Stroppe realized that a famous name would help promote the sport and Ford. A challenge made by Stroppe stating that his friend and accomplished road racer Parnelli Jones couldn’t handle off-road racing lead to an on-going partnership and some amazing results in the off-road racing world. Jones had sat at the wheel of the vehicles which Stroppe built for racing on pavement and then at the wheel of the Bronco. Stroppe sat in the co-drivers seat and urged Jones on to multiple victories. One of the most notable, being the capture of the overall win of the 1971 Baja NORRA Mexican 1000 in the Big Oly Bronco. The men led the race from start to finish and set a new course record of 14 hours and 59 minutes. They repeated the feat again at the 1972 race with a time of 16 hours and 42 minutes on a much longer course. That year Stroppe’s vehicles also took second place with Larry Minor and Jamie Martinez driving as well as third place in a Bronco driven by Bill Rush and Dan Shields.
Stroppe’s reputation for building quality vehicles led to some very high profile contracts. His services were in demand from the President of the United States to individual Bronco enthusiasts. In addition to building race vehicles for Jones to drive, Stroppe has built vehicles for a number of notable individuals. He built race vehicles for Larry Minor, Rodney Hall, James Garner and Walker Evans. Stroppe also built vehicles for actor and Hall of Fame Inductee Steve McQueen, musicians Ted Nugent and Ex-Beatle George Harrison. He even served heads of state. He built a vehicle for Mexico’s President Lopez Mateos. By the 1970s Stroppe had become so well recognized for his expertise as a vehicle builder the White House commissioned him and his son Willie Stroppe to maintain the Presidential Ford Bronco’s kept at the “Western White House.” The Stroppes undertook this task for President’s Nixon, Ford and for President Regan while he was still Governor of California. Ford saw that the demand for Stroppe’s talent reached to the general public as well the company began promoting Baja Broncos, a “limited production duplicate” of the team cars Stroppe built. Between 1971 and 1975 Stroppe’s shop modified around 650 vehicles for the Ford customers who ordered the model. Stroppe outfitted the Baja Broncos with his own brand of aftermarket parts including roll bars and shocks. The vehicles are collectors’ items today and no two are exactly alike.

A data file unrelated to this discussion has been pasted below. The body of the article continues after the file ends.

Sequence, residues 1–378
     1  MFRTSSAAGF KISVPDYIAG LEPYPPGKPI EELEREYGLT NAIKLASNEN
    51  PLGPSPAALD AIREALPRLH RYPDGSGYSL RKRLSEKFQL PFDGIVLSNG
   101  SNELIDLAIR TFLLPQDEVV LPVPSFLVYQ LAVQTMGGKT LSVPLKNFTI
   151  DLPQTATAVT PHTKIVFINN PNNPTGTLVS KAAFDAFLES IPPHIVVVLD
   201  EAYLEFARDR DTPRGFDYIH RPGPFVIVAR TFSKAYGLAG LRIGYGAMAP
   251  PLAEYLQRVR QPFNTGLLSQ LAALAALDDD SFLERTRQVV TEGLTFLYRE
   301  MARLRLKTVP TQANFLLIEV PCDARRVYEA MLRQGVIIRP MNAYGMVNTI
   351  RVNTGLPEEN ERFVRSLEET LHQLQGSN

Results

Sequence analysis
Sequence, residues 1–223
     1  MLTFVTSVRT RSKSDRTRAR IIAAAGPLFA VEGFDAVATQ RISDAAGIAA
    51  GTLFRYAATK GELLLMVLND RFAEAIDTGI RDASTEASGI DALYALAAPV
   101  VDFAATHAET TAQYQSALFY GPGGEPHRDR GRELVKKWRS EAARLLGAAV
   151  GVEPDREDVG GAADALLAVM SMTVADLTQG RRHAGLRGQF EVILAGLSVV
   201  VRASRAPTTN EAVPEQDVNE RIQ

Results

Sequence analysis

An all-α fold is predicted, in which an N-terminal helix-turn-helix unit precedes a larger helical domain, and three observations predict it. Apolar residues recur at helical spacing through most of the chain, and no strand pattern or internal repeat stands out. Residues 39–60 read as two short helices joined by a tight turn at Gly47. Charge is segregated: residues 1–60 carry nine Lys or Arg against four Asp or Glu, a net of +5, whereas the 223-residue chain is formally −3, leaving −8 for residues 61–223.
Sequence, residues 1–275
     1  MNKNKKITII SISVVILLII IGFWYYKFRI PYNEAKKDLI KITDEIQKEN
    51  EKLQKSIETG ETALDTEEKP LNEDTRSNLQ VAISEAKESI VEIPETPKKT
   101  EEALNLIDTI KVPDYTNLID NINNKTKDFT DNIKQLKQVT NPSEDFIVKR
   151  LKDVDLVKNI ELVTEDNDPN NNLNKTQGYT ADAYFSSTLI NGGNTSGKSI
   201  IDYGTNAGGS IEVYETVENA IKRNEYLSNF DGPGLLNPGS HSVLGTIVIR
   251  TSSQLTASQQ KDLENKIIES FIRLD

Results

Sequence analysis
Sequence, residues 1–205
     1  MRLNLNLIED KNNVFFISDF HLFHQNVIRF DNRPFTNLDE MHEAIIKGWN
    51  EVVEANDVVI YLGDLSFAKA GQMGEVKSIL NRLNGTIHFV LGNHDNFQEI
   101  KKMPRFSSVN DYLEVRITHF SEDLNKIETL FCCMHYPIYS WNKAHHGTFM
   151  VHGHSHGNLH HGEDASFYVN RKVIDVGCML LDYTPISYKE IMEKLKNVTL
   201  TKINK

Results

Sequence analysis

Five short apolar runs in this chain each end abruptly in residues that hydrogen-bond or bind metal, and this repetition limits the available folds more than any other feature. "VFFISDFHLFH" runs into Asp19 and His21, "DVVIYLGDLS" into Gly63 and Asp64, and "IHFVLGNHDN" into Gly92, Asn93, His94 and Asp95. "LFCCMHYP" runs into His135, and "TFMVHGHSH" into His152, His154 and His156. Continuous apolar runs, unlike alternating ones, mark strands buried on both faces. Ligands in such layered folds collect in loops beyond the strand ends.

Stroppe’s accomplishments did not stop with building first class vehicles. He also believed in helping others. There are numerous stories of him selflessly coming to the aid of others. In the 1980s he and Parnelli Jones worked tirelessly to see a health clinic established at the Rancho Santa Inez in Baja. Stroppe assisted with the physical building of the facility, approached his friends and associates to make financial donations and pushed the project forward until it became a reality.
Stroppe’s legacy lives on today and his son Willie still operates Bill Stroppe and Son, Inc. with Ford Motor Company still as one of the business’s major clients. Currently the company tests breaking systems for Ford and handles the Western Region Media Fleet. Stroppe and Son Inc. employs 19 full time and 15 part time individuals.
Sources: Author interview with Willy Stroppe, April 2006.
Fiolka, Marty. 2005. 1000 Miles to Glory, The History of the Baja 1000. Phoenix, AZ.: David Bull Publishing.
Madigan, Tom. 1984. Boss, The Bill Stroppe Story. Burbank, CA.: Darwin Publications.